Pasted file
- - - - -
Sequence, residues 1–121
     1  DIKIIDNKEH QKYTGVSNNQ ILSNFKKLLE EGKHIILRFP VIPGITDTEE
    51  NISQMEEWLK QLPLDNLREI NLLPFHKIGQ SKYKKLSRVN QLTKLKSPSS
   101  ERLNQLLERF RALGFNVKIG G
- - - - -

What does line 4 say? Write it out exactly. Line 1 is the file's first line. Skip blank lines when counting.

   101  ERLNQLLERF RALGFNVKIG G